Is there anything particular we should be aware of when trying to get the highest performance out of hardware decoding with low-latency streaming media? We're trying to run quite a few such decoding sessions in parallel (>10), and I seem to be noticing peculiar differences in the ability of the decoding to keep up depending on the management of the input MfxBitstream.
I had thought that circular buffer-style management of the bitstream read offset pointer (along with similar added write logic) would be an improvement over the method used in the example code, which involves a bitstream whose offset data is copied back to the starting offset as often as possible. It seems like only moving pointers would be much more efficient than constantly memcpying encoded video data -- but instead the best-performing solution we've found is a double-buffered approach, similar to the one used in the example except with a second input bitstream.
Any idea why this is the case? Is there some reason decoding operations perform better when they tend to start from the beginning of the MfxBitstream buffer, rather than at some offset along it?
And why does the guide recommend decoding all remaining frames from the input buffer before adding more? Shouldn't write operations appending to the end of a section of memory be transparent to the decoder, who is simply reading along it's own (earlier) section of memory? It's not as though there's any sort of inherent lock implemented in the bitstream data, since it's randomly accessible.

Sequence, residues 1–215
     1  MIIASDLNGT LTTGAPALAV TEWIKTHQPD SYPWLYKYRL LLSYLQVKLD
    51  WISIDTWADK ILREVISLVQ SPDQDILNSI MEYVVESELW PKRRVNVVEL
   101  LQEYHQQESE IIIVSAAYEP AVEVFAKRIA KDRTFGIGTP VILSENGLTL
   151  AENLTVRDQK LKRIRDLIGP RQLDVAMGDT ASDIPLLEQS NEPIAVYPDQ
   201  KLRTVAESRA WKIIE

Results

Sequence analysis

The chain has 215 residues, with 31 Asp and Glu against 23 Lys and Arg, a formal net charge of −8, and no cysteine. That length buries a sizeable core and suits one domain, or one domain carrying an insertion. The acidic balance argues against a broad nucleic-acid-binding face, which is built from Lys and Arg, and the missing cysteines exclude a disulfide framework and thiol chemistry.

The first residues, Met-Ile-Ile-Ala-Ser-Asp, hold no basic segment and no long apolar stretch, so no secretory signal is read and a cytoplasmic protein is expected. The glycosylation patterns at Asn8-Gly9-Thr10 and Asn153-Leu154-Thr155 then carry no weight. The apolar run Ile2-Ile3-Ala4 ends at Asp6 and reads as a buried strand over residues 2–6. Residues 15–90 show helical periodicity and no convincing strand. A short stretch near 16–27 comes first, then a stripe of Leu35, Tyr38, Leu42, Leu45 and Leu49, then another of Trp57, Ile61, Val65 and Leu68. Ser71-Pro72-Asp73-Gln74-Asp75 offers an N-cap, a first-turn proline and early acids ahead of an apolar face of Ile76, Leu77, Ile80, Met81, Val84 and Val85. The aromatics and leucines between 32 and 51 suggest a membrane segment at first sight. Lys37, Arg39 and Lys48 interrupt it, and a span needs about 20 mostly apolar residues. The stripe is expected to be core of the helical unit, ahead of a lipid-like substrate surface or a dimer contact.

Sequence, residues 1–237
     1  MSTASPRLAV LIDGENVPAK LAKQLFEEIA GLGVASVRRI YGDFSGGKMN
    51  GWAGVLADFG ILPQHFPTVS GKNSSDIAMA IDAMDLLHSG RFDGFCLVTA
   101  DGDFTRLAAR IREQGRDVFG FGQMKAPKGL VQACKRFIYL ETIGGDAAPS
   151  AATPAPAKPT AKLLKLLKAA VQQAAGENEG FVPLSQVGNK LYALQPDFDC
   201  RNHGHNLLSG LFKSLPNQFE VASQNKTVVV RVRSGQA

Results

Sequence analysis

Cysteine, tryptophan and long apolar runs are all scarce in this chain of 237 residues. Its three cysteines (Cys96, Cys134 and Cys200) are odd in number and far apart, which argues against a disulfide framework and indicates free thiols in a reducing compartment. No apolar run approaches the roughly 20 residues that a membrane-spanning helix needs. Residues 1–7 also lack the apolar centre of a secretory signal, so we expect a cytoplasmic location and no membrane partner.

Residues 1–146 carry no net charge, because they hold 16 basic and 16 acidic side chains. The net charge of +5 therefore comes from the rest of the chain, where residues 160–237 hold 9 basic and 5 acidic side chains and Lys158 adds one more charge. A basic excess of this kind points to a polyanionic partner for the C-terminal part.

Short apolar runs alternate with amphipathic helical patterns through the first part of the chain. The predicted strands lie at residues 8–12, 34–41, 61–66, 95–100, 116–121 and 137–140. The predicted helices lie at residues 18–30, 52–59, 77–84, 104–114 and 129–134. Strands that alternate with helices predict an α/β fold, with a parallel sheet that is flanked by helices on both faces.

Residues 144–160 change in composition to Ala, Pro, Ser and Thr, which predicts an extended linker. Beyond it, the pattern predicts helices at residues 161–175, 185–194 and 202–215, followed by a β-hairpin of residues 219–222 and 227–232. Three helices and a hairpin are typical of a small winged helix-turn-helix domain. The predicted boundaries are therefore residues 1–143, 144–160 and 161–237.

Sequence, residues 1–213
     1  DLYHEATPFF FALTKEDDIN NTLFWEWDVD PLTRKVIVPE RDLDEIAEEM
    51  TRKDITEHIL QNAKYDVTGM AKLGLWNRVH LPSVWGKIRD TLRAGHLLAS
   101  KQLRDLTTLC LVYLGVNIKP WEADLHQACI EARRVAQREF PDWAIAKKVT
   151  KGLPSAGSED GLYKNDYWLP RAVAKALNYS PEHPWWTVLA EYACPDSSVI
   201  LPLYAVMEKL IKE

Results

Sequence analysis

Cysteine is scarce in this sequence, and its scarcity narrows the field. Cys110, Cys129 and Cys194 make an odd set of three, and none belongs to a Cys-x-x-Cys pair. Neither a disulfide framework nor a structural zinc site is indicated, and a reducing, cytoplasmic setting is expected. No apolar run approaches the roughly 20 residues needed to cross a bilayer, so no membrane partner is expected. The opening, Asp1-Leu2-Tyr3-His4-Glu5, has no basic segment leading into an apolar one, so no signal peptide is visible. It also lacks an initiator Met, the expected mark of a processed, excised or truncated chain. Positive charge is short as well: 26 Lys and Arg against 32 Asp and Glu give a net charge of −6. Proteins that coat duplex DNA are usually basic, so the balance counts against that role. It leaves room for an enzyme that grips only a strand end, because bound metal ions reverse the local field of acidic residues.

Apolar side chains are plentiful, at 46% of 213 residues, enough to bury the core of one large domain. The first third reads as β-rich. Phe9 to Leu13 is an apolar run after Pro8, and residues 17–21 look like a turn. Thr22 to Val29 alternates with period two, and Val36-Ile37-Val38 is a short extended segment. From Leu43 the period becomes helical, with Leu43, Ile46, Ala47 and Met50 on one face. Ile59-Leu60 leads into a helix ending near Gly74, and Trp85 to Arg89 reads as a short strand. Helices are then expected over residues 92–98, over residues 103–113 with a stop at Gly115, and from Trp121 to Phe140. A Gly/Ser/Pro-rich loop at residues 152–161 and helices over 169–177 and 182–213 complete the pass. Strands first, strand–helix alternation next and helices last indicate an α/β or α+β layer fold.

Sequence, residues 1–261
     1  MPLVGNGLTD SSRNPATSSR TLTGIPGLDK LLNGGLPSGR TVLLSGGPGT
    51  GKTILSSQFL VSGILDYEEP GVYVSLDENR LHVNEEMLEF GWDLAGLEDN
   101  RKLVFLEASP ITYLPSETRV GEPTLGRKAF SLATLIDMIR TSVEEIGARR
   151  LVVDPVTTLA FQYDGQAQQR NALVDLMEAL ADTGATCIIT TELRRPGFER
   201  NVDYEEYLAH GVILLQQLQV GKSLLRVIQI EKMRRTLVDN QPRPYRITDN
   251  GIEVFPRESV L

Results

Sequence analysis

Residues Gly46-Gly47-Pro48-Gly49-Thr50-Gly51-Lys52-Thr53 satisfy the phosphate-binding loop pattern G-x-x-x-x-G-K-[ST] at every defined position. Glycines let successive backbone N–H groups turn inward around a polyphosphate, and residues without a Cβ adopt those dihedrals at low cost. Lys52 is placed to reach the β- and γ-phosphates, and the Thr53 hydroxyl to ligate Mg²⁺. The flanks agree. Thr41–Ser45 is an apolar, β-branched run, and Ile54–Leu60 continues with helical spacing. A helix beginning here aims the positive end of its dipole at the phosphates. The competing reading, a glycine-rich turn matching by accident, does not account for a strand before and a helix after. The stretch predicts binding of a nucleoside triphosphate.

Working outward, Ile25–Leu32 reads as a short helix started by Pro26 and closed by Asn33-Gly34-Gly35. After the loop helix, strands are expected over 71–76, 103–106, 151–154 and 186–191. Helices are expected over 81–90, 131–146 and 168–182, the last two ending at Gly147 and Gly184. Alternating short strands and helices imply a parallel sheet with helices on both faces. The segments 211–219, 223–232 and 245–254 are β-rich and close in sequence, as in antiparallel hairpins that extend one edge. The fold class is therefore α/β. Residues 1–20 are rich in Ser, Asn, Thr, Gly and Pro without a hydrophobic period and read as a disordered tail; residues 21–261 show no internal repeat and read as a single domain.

Again, this is all in a low-latency setup, with AsyncDepth set to 1 and the bitstream flag set to indicate a complete frame is available every time DecodeFrameAsync is called. Though increasing the AsyncDepth and clearing that flag don't seem to improve throughput at the expense of latency, as I would have expected. Maybe it's because of the large number of simultaneous decoding sessions, such that the hardware can't work on any one in parallel, anyway?
Any advice, insights, or assistance are appreciated!